Review: 'Community' - 'Custody Law and Eastern European Diplomacy': War crime and punishment
A review of last night's "Community" - and in case you missed yesterday's news, the show has been renewed for next season - coming up just as soon as I make a pregnant woman run...
"I tend to ruin stuff." -Britta
The "Custody Law" half of this episode with Jeff, Shirley, Chang and Andre was pretty uneven, but I kind of loved the "Eastern European Diplomacy" story with Britta, Troy, Abed and their friend Luka(*).
(*) Shirley's spent a lot of time on the sidelines lately; this week it was Pierce and Annie, who I don't think appeared outside of the teaser and the tag. Always a tricky balance on an ensemble with 8 regular castmembers and a lot of prominent recurring characters.
We've talked a lot about the evolution of Britta from unintentionally insufferable do-gooder to a character whose insufferability was the whole joke. There are times, in fact, where it feels like the study group actually hates Britta more than Pierce, because they don't expect anything better from him, where she shouldn't be as big a pain as she is. It's been a fascinating, at times hilarious 180 for the character, and a reminder that few characters are completely un-fixable.
What I liked about the Britta story this week was how it turned that expectation on its head. Troy, Abed and the audience are all so used to Britta being the holier-than-thou buzzkill that it takes a while to realize she really is doing the right thing with Luka (well-played by "Dollhouse" alum Enver Gjokaj). The problem is that she's been The Girl Who Cried Political Correctness for so long that nobody wants to believe her, and Troy and Abed's various reactions of disgust to her were marvelous. (I loved Troy's protest moan when Luka suggested that Britta was their girlfriend.) A simple story - albeit with room for running gags like Kick-Puncher and meta-humor like Abed's "It's all downhill from here" paintball sweatshirt - but an effective one.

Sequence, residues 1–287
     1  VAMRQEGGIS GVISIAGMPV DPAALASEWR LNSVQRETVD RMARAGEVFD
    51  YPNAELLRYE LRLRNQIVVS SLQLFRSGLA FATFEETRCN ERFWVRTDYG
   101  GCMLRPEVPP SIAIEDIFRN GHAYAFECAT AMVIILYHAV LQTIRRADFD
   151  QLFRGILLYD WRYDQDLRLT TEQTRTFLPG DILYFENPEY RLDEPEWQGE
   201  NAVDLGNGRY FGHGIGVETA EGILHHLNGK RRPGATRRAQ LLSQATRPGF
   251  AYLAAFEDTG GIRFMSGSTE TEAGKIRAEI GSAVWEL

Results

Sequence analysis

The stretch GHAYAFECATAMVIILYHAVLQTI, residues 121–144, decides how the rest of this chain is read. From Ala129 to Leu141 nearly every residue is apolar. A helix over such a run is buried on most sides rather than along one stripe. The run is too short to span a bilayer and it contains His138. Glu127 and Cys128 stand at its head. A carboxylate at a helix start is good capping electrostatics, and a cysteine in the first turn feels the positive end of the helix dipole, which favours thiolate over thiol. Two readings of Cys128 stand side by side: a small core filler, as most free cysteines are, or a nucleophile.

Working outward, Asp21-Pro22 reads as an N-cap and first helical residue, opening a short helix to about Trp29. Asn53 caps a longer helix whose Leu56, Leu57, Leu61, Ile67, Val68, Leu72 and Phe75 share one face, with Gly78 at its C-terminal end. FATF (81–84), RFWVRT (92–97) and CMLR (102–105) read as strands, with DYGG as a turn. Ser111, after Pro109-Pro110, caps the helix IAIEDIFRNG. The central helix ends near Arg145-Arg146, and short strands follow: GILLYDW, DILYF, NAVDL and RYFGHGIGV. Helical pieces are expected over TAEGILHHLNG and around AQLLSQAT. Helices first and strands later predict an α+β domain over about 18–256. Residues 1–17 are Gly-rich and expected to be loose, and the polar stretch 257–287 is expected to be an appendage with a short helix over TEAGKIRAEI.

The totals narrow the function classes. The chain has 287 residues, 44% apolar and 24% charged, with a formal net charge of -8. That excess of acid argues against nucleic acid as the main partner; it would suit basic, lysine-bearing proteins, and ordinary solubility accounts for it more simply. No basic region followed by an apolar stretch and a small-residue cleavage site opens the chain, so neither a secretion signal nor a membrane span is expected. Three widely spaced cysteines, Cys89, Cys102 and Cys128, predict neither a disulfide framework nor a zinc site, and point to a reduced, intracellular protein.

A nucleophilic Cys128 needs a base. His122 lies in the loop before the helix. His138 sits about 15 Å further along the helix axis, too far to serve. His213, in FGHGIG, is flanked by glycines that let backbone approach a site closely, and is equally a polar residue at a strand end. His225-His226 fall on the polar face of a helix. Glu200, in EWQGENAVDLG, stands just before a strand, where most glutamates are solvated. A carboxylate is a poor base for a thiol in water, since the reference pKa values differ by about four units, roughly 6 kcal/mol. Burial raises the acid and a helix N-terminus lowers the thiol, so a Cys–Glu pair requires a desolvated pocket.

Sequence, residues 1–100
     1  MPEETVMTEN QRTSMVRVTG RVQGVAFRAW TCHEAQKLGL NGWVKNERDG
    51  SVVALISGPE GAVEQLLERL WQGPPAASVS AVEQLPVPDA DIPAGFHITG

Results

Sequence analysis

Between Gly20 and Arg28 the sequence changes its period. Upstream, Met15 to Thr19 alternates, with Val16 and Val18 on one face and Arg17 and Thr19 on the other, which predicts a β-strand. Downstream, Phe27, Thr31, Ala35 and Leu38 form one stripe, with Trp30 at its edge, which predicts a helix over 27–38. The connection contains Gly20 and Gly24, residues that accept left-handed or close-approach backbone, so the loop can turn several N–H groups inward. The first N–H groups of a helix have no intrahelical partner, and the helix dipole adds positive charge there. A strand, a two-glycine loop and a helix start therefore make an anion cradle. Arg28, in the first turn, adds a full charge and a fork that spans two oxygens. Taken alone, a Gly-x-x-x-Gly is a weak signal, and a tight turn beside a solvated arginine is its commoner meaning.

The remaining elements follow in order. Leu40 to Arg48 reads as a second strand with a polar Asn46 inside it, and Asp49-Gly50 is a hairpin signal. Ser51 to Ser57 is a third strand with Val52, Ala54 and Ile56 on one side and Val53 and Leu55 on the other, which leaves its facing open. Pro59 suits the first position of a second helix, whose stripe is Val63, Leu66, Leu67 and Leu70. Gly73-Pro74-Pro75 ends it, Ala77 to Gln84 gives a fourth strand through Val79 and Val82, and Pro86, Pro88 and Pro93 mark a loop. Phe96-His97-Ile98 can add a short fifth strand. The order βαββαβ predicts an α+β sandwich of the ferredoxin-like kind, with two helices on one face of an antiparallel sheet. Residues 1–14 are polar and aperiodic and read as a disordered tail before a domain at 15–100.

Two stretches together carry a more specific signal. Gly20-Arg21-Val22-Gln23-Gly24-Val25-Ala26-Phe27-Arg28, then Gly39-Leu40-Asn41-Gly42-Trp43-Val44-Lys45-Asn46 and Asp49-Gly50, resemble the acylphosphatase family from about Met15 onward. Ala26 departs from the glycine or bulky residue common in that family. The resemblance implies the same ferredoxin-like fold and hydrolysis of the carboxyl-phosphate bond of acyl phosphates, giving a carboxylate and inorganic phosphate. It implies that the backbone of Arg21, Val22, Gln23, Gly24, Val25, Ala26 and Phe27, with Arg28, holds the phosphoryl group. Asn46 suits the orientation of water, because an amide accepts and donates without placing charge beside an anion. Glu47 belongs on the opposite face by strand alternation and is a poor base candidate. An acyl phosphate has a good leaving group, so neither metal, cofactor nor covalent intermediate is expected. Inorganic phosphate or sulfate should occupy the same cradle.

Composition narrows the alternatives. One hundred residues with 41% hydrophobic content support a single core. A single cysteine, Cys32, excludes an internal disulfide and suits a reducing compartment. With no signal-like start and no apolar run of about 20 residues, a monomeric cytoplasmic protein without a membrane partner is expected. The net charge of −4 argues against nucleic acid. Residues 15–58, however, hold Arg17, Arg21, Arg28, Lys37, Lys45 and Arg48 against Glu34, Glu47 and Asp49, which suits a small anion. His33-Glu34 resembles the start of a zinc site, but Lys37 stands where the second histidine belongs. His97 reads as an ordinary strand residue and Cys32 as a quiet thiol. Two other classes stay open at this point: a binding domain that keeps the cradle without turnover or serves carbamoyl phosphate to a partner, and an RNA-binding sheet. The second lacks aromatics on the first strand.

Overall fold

While Britta shows that most characters are fixable, Chang is an example of a one who's tricky to use completely effectively. When Ken Jeong is just asked to come in, be briefly weird, and leave, Chang is a tremendous asset to the series. But he's such an insane cartoon character that the show often runs into trouble when it features him extensively, and/or when it asks us to take him as seriously as we do, say, Annie. A more buttoned-down Chang can work, as it did in the episode where he moved in with Jeff, but I think this story was trying to have it both ways - to make us sympathize with Chang even as it was inviting us to laugh at his lunacy - and that's not a great approach for him. (Though I did love him dubbing the bald cop "Officer Baby.")
What did everybody else think?
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